A gunshot wound to the face left a teenager with so much damage that for years doctors knew plastic surgery could only help so much to give her back a regular life.
In May, the now-21-year-old woman joined the small but growing ranks of face transplant recipients, doctors announced Tuesday.
For the woman, now the youngest to receive the surgery, it was “an incredible gift.”
“To reach this point of recovery has oftentimes been a difficult road to travel, but I’m thankful there’s been a road,” the woman said in a statement on the hospital's website. The hospital did not release her identity or the name of the donor.
The hospital didn't make the woman or her doctors available for interviews. Little was publicly known about the patient's life, injury or what led her to the operating room at the Cleveland Clinic.
Doctors determined early on that she might be a viable candidate for a face transplant because of the extent of her injuries. So in other surgeries, they tried to safeguard as many blood vessels as they could, which would be crucial for a successful transplant.
Doctors transplanted 100 percent of a donor's facial tissue, including eyelids, facial nerves and muscles, the Cleveland Clinic announced in a news release.
In all, 11 doctors were involved in the 31-hour procedure. Doctors hope their efforts restore more than facial tissue.
“With a new nose, lips, palate, eyelids and jaw, she now has the full opportunity to reintegrate into society and have a future just like any other young adult,” said Brian Gastman, who was part of the surgical team. “This surgery can give her back the self-esteem and confidence she lost.”
It was the clinic's third face transplant since the procedure was first performed more than a decade ago, and the first full face transplant by doctors in Cleveland, another step forward for one of the world's rarest surgeries.
“We felt the risk was well worth it to give this patient better function, better social form and, ultimately, a better life,” said Frank Papay, who co-directed the surgical team.
To prepare, the surgeons rehearsed on 3D-printed replicas and used virtual reality simulations.
The first face transplant was performed by Spanish doctors in 2005 on Isabelle Dinoire, a French woman who had been mauled by a dog, according to CNN. Anti-rejection drugs contributed to the occurrence of two cancers. She died of cancer in April 2016, according to the Telegraph.
In 2008, the Cleveland Clinic performed its first near-total face transplant, which was the most complex such transplant in the world at the time. Doctors transferred about 80 percent of a donor's face.
The world's first full face transplant also took place in Spain in 2010. The risky procedures have been controversial, setting off an ethical debate about whether such surgeries should be undertaken to improve quality of life.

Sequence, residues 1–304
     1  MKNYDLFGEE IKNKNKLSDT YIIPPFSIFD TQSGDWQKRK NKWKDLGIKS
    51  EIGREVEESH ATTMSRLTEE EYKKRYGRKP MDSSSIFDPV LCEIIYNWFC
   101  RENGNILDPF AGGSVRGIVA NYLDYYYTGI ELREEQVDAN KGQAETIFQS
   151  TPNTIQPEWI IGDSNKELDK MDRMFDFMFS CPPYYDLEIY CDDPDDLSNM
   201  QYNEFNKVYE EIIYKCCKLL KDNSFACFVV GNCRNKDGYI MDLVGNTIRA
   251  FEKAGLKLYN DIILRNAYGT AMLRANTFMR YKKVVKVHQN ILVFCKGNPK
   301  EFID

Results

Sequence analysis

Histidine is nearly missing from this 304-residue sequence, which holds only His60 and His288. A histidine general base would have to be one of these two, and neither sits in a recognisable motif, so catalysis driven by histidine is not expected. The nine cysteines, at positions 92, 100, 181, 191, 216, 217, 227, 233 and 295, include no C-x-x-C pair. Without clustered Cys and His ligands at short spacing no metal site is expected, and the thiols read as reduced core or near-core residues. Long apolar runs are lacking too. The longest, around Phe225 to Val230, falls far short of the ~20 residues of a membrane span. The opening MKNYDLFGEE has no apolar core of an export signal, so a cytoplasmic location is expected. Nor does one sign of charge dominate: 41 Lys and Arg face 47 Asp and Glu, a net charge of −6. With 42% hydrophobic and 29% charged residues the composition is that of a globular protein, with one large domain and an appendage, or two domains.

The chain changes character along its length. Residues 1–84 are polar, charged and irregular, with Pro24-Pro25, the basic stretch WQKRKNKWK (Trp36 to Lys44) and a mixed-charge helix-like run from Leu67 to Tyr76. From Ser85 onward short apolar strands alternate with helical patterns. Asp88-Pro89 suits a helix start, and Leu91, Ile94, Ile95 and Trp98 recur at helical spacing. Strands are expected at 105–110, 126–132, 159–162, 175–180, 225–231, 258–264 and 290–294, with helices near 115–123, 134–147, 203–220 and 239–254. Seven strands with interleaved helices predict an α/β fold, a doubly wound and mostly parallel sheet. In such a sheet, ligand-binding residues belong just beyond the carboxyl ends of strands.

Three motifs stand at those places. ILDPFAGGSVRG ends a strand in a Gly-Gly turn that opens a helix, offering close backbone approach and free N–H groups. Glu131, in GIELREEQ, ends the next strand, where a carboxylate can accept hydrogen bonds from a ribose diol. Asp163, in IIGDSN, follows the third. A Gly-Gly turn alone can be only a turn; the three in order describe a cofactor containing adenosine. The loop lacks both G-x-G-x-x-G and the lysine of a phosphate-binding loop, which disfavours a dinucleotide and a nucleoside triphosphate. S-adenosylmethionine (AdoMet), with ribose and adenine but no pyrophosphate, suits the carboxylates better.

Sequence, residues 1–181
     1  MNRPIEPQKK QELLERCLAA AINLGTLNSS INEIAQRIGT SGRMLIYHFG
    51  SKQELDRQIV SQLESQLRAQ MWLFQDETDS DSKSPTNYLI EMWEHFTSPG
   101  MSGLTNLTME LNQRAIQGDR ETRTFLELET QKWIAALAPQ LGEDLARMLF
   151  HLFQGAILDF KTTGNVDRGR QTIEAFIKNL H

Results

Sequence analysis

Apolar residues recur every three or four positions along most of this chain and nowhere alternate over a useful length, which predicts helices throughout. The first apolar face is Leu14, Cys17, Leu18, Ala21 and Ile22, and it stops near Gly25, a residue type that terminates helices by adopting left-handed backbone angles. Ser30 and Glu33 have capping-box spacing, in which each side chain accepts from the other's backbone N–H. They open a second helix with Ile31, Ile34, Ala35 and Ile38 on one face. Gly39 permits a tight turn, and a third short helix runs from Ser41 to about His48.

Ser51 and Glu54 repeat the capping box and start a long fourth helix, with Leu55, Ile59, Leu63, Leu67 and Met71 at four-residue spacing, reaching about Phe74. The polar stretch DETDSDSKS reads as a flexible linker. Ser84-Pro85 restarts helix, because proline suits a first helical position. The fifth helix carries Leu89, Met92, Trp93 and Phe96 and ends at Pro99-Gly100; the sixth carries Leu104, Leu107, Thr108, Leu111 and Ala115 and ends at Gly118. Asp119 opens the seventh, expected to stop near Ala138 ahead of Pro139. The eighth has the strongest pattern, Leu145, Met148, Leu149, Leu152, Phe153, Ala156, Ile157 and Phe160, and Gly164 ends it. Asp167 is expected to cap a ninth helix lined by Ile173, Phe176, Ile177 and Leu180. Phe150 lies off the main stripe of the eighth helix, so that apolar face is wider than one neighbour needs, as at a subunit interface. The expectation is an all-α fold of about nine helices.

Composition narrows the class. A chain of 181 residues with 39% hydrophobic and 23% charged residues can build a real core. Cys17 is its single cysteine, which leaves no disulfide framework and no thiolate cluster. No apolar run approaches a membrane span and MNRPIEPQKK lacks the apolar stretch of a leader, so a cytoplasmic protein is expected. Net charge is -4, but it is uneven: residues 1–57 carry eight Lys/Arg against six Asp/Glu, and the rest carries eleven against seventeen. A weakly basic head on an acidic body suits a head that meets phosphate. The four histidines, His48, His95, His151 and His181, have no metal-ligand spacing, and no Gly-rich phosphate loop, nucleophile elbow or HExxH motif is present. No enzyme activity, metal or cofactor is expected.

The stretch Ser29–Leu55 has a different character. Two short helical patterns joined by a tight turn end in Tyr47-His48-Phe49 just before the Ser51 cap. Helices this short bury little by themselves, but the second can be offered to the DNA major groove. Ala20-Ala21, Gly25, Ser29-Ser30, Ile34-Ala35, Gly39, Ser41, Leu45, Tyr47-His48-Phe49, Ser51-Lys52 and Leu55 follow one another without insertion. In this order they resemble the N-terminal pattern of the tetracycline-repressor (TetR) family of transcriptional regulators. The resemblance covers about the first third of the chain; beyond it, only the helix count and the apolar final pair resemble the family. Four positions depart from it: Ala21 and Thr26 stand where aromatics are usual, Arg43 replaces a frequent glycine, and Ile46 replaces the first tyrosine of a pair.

The surgery is part of a bevy of transplants in recent years, including penis transplants for wounded soldiers, a young boy's double hand transplant and a uterus transplant in a woman who was unable to bear children.
More than three dozen patients have had face transplants across the globe. They all face a high risk of complications or even death.
As The Washington Post's Ariana Eunjung Cha reported, “even if the initial surgery, which is enormously complicated and dangerous, goes well, face transplant patients — like those receiving donor organs like a heart or kidney — face the significant risk that their body will reject the foreign part. As a result, many doctors believe these patients will have to take immunosuppressant drugs their whole lives.”
Now, six U.S. hospitals perform face transplants, according to the Cleveland Clinic.
In February, the Mayo clinic announced that doctors there had performed a successful face transplant on Andrew Sandness, a 32-year old man who had been shot in the face when he was 21.
After the surgery, he said he had fresh hope of being normal again.
“I am now able to chew and eat normal food, and the nerve sensation is slowly improving, too. My confidence has improved, and I’m feeling great ― and grateful.”
The woman in Cleveland also faces years of relearning to do everyday tasks. In rehabilitation now, she is walking and talking, and learning to swallow again. She said the road after the surgery was difficult, but she was grateful.
“To call my surgeons, physicians, nurses and caregivers ‘world class’ would be an understatement. And to my donor and her family — words cannot express the appreciation I have for this incredible gift.”